04 September 2018 09:31:57 IST

London-listed Vedanta Resources to go private on October 1

“The delisting will not immediately affect Vedanta’s credit profile or rating”

Mining major Vedanta Resources’ Chairman Anil Agarwal will take the London-listed company private on October 1, Agarwal’s family trust announced on Monday.

The wholly family trust-owned Volcan Investments Ltd, which held about two-thirds of Vedanta Resources prior to announcing an around $1 billion buyout offer in July, said it now held or had received acceptances of its offer on 92.31 per cent of Vedanta Resources share capital and the cash offer had now become unconditional in all respects.

It said the offer remains open for acceptances until further notice, while holders of 26 per cent of shares had agreed to sell.

Agarwal has said he wanted to buy out the London listing, which is much smaller in comparison with Vedanta’s Indian operations, in order to simplify the company structure.

Vedanta’s international operations are copper mines in Zambia and Vedanta Zinc, with operations in South Africa and Namibia.

Meanwhile, US rating agency Moody’s Investor Service has said the proposed delisting of the Vedanta Resources from the London Stock Exchange will have no immediate impact on its credit profile, although cash extraction risks remain from the complete takeover of Vedanta by Volcan Investments.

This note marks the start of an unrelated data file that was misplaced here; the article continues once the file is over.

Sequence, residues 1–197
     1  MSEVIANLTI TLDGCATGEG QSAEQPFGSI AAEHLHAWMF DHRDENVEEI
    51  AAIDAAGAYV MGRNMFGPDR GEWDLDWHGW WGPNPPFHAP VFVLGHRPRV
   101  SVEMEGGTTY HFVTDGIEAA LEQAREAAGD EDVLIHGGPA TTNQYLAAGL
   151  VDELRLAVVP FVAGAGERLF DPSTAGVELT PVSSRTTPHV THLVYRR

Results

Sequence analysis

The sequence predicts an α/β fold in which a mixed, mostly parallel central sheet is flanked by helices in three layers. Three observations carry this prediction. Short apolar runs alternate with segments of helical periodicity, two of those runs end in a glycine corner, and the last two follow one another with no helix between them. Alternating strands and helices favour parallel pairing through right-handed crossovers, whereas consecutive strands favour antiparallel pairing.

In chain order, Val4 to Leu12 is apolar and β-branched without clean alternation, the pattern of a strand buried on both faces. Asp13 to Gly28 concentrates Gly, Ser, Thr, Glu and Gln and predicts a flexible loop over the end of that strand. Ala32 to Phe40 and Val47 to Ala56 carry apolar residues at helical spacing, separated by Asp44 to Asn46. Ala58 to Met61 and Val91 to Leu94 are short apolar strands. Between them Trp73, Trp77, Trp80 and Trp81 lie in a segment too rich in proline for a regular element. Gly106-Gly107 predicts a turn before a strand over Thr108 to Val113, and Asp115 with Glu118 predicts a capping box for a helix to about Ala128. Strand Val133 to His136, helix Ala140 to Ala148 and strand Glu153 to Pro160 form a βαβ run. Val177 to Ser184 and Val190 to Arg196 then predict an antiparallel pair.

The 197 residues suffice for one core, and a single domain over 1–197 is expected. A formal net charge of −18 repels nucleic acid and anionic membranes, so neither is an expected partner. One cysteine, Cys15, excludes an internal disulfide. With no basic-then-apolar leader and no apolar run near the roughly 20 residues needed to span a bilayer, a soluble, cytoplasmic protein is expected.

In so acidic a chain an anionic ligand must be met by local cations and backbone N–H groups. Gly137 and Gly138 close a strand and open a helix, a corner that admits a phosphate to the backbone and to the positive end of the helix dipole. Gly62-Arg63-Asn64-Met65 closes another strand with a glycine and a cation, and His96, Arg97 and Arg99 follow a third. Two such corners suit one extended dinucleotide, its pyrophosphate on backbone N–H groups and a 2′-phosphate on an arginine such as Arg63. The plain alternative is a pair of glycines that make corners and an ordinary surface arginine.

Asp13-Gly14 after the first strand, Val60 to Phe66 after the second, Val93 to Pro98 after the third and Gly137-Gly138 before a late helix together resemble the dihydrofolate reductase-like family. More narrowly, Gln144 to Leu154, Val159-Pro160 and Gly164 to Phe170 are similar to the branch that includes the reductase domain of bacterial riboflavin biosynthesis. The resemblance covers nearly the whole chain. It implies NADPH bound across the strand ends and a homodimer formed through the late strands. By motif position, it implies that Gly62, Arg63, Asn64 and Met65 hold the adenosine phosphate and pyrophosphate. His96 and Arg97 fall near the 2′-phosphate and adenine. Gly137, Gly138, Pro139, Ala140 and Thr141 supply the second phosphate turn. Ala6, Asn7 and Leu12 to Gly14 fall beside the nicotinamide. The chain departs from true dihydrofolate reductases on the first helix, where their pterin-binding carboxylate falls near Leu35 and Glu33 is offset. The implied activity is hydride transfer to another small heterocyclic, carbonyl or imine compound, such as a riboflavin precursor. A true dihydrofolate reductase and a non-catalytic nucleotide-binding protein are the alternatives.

“The delisting will not immediately affect Vedanta’s credit profile or rating. This is based on our expectation that Volcan will not extract incremental cash from Vedanta to provide additional liquidity for itself.

“However, if Volcan requires Vedanta to pay higher dividends to service its cash needs, it will tighten Vedanta’s cash flow, adding pressure to the Ba3 corporate family rating,” Moody’s said in a statement.

“Vedanta’s rating is based on the consolidated credit profile of Vedanta and its subsidiaries and does not take into account Volcan’s indebtedness. Any change in Vedanta’s policies, such that Vedanta is used as a financing vehicle for Volcan, will be viewed negatively and will also weigh on Vedanta’s credit profile and rating,” it added.

The American rating agency said Volcan is a private company with limited public information on its finances.

In 2017, Volcan raised an estimated $4.4 billion debt through the issue of convertible notes to buy a 19.35 per cent equity stake in Anglo American plc pledging 33 per cent of Vedanta shares as security for annual interest payments of $185 million.

Vedanta has a requirement under its bank loans to remain a listed company and will, therefore, need approval or waivers from its lenders prior to delisting.

“The reporting and disclosure requirements for private companies are less stringent than for London-listed public companies,” Moody’s said.

For instance, private unlisted companies are not required to report when any of their shareholding is pledged against any borrowings.

“However, given its substantial access to international capital markets with $5.9 billion in debt outstanding at the holding company in the form of US dollar bonds and loans, we expect Vedanta to maintain its hitherto transparent reporting on operations even after it becomes a private entity,” it said.

“When successful, the proposed offer will result in Volcan as Vedanta’s sole shareholder, but Vedanta’s corporate structure remains highly complex with less than 100 per cent ownership in its key operating assets,” it added.